Tuesday, October 23, 2012

Are You Stuck In A Digital Divide? How Technology Is Separating Society

With the Rapid Evolution and Popularity of Technology, How Can We All Keep Up?

Between the two readings, Mobile Phone Problems and Kevin Guidry’s article about a “digital divide” or “participation gap,” some key issues were highlighted with how technology is affecting us, but also whom specifically it affects.  According to an article on Edutopia, the digital divide is “the gap between those individuals and communities that have, and do not have, access to the information technologies that are transforming our lives.” Although the article on Mobile Phone Problems indicates the 88% of Americans own mobile phones, Guidry’s article enforces the fact that this still leaves a large population of people who do not own their own computers or have Internet access at home. The negative aspects of this digital divide are seen in the workplace, with those that have no computers being underemployed, less educated, and Black or Hispanic.

The divide translates onto our college campuses, too. Guidry notes that according to a 2007 EDUCAUSE Core Data Service survey of 994 institutions, 65.1% of students used their own computers. This leaves about a third of students with no personal computer access. There was also a difference found between the number of computer owners between public and private universities, with the more affluent schools having a higher rate of computer owners. Based on the Pew Internet article about Mobile Phone Problems, non-white cell phone users encounter every problem more frequently than their white counterparts because cell phones are their primary phones or Internet access.

The Digital Divide Causes a Participation Gap, and Some Users Are Already Getting Left Behind. What Does This Mean For the Future?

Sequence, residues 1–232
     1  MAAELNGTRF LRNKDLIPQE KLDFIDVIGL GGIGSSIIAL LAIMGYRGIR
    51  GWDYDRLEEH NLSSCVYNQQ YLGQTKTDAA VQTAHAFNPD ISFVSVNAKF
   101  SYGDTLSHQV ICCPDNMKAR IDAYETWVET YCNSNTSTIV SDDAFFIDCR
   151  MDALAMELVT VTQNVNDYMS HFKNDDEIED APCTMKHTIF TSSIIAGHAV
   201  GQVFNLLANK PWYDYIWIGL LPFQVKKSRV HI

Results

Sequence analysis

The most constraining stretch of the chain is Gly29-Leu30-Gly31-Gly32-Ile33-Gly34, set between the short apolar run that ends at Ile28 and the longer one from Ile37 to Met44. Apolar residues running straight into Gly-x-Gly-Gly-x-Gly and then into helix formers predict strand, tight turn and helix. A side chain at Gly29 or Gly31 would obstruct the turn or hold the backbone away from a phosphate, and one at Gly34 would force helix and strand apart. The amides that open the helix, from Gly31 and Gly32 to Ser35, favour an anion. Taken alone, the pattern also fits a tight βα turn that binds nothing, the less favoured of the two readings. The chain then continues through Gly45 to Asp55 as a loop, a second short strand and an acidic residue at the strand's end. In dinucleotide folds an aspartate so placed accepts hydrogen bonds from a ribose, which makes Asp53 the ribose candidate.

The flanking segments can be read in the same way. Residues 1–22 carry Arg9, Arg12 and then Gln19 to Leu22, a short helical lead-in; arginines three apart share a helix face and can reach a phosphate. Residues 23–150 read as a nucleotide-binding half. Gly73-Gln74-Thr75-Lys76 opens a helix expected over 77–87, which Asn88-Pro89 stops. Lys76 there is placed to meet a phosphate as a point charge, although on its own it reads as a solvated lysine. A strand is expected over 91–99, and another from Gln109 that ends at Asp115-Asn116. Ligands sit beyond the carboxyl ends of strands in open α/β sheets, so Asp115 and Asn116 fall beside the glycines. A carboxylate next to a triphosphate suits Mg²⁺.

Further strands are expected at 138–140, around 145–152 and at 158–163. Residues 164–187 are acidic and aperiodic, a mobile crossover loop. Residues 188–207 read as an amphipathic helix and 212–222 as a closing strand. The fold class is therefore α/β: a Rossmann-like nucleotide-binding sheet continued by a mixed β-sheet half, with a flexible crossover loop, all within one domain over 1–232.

Not only are there disparities with who has access to what technology, but also what kinds of experiences each user has with each technology. Guidry defines a “participation gap” as something that happens when different experiences yield different skills, predilections, and comfort levels with different technologies. It is not longer a matter of who has what, but how much time and access each user has. In a study with American teens, those who had unlimited access to the Internet used Facebook and MySpace differently than those that had limited access from public locations like schools or libraries.

As technology continues to grow, new things will become available for consumer use. Considering the rapid growth and popularity of smart phones, the traditional phone may soon only be a phone found with those that cannot afford the pricier alternative. In addition to the growing popularity of these phones is the growing amount of uses of them. It seems as though everything can be done on our phones now, from reading magazines to keeping our plane tickets. For those that never own a smartphone, will the traditional media die out and leave these people behind? Is it possible that one day in the future all newspapers and magazines will be online, and therefore limit the possibilities to access these materials without technology? It seems as though the push towards a total technology takeover is happening, and we must be wary of who we exclude from this change in society. 

Friday, October 19, 2012

Cell Phone Video Could Make You the Next Big News Story

The Evolution of Technology has Given Us the Power

With each new day, it seems a new form of technology is readily available for the public. Since the invention of the World Wide Web in 1991, it has been rapidly progressing to become the major way in which we communicate and share information. New devices have made this sharing even easier, with technology like desktops, laptops, mobile phones, and now iPhones and iPads. We are in an age of citizen journalism, where anyone with access to technology has the power to create the news.